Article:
"Why is it that, in so many schools, sport has been squeezed out and facilities run down?" David Cameron asked yesterday, in a speech which lamented the low promotion of Britain's top athletes who have been through state schools.
It is hard to believe that the Prime Minister does not know the causes of the problem. The last Conservative government tightened the education budget but gave schools the freedom to raise money by selling their playing fields. One estimate is that 10,000 school playing fields disappeared under concrete in the Tory years.
In 1998, the Labour government introduced rules which banned sales of any sports fields except those that were "genuinely surplus" – which did not stop another 203 disappearing in 12 years. The great sports sell-off continued even after the announcement in 2007 that London would be hosting the 2012 Olympics.
And there is another problem, on which I can do no better than quote what Sam Allardyce, manager of West Ham, told The Sun a year ago: "Since Margaret Thatcher stopped teachers being paid extra money for coaching sports after school, all sporting activities have diminished on a competitive basis. Kids are now more obese and unfit than ever. All the prime young athletes we were ready to develop just aren't there."
Blunt Claire Perry knows her bankers
I had occasion last week to mention the fruity language used in public by Claire Perry, Tory MP and Government loyalist.
However, to give her her due, she is someone who knows whereof she speaks when discussing the banking scandal, having once worked in a bank and witnessed what she calls the "big swinging dicks" culture there.
"As a middle manager it was easy to see that those at the top were being paid huge amounts of money," she wrote in her weekly column for the Wiltshire Gazette yesterday. "I am always a fan of big rewards for big effort but in some cases never has so much been earned by so many for doing so little."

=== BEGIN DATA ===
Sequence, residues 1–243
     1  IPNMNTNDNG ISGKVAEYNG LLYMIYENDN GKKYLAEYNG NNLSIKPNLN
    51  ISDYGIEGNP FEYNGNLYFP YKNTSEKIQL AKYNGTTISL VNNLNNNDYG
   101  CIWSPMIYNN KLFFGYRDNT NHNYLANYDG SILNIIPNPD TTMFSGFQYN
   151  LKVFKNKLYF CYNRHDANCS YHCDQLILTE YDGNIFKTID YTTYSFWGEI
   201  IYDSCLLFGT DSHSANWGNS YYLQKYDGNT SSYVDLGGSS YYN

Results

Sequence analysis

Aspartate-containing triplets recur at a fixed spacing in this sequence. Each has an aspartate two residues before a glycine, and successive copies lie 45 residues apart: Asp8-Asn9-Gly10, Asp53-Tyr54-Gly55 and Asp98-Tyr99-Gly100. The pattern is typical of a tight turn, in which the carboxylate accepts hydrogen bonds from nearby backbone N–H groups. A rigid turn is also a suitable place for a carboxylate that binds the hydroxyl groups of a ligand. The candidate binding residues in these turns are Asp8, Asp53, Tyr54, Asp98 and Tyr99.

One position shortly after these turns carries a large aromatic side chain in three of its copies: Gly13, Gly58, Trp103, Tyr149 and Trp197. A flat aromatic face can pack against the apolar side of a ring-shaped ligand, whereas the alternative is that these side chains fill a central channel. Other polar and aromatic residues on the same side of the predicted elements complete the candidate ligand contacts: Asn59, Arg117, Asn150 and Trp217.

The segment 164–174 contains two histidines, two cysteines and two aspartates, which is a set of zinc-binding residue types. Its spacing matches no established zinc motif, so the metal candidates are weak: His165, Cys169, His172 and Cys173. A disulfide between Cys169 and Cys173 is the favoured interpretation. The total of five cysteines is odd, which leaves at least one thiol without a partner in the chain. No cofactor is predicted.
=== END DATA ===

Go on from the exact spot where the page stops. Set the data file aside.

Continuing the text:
Sugar prescribes bitter pill
Lord Sugar, on the other hand, thinks that some of what the banks have been doing is fair and defensible, notably their reluctance to lend to businesses which might not survive the recession.
Politicians say to the bankers "why aren't you lending to that bloke?", he told the House Magazine, "that hopeless cause over there, complete and utter hopeless cause who's doing all the moaning, all the mouthing off, catching the Sky television cameras and some of the opposition politicians saying 'yeah, yeah, poor Harry here, you know, he can't get this and can't get...' Well, poor Harry in some cases is not entitled to it. Poor Harry has got a bust business. And poor Harry shouldn't have any money invested in him. Simple as that."
A spin-doctor with a heart
Gaby Bertin, David Cameron's long-serving press secretary, is an oxymoron – a Downing Street spin-doctor with a kind heart. Living in Harlow, Essex, is a 16-year-old named Gaby Bertin, who wrote to her local MP Robert Halfon to say that she was intrigued by her namesake operating at the seat of political power. Yesterday Gaby the spin-doctor put aside part of a morning so that Gaby the teenager could have a tour of 10 Downing Street.
Tory rebel has his eyes on another seat
Walter Sweeney, a bed-and-breakfast proprietor who is running as an independent for the job of Yorkshire Police Commissioner, is remembered in Westminster for having a very small majority and missing a vital vote because he could not get out of the toilet. He won the Vale of Glamorgan in 1992 by just 19 votes, and became a right-wing rebel. It was never established whether he missed that vital vote on the Maastricht Treaty because he had locked himself in the loo by accident, or the government whips locked him in.
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